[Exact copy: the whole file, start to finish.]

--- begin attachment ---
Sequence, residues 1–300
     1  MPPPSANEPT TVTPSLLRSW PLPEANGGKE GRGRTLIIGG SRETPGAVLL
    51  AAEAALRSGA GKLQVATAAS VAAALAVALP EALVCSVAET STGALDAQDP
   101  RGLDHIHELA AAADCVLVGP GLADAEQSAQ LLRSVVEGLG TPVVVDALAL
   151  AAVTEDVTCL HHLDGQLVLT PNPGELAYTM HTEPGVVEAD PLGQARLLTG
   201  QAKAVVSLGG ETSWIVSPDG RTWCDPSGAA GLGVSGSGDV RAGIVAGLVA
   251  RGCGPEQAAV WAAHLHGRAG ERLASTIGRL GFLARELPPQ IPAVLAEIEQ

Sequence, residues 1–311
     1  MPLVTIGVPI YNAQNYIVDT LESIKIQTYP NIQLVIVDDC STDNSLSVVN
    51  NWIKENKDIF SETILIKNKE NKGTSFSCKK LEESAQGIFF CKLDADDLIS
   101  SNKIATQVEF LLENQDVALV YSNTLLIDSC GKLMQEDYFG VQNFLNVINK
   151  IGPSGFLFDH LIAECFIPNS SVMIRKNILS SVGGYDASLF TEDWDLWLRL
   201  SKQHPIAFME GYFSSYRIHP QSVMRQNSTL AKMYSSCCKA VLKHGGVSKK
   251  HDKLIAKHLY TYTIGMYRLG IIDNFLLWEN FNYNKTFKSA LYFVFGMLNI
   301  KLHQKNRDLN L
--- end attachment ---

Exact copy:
Sequence, residues 1–300
     1  MPPPSANEPT TVTPSLLRSW PLPEANGGKE GRGRTLIIGG SRETPGAVLL
    51  AAEAALRSGA GKLQVATAAS VAAALAVALP EALVCSVAET STGALDAQDP
   101  RGLDHIHELA AAADCVLVGP GLADAEQSAQ LLRSVVEGLG TPVVVDALAL
   151  AAVTEDVTCL HHLDGQLVLT PNPGELAYTM HTEPGVVEAD PLGQARLLTG
   201  QAKAVVSLGG ETSWIVSPDG RTWCDPSGAA GLGVSGSGDV RAGIVAGLVA
   251  RGCGPEQAAV WAAHLHGRAG ERLASTIGRL GFLARELPPQ IPAVLAEIEQ

Sequence, residues 1–311
     1  MPLVTIGVPI YNAQNYIVDT LESIKIQTYP NIQLVIVDDC STDNSLSVVN
    51  NWIKENKDIF SETILIKNKE NKGTSFSCKK LEESAQGIFF CKLDADDLIS
   101  SNKIATQVEF LLENQDVALV YSNTLLIDSC GKLMQEDYFG VQNFLNVINK
   151  IGPSGFLFDH LIAECFIPNS SVMIRKNILS SVGGYDASLF TEDWDLWLRL
   201  SKQHPIAFME GYFSSYRIHP QSVMRQNSTL AKMYSSCCKA VLKHGGVSKK
   251  HDKLIAKHLY TYTIGMYRLG IIDNFLLWEN FNYNKTFKSA LYFVFGMLNI
   301  KLHQKNRDLN L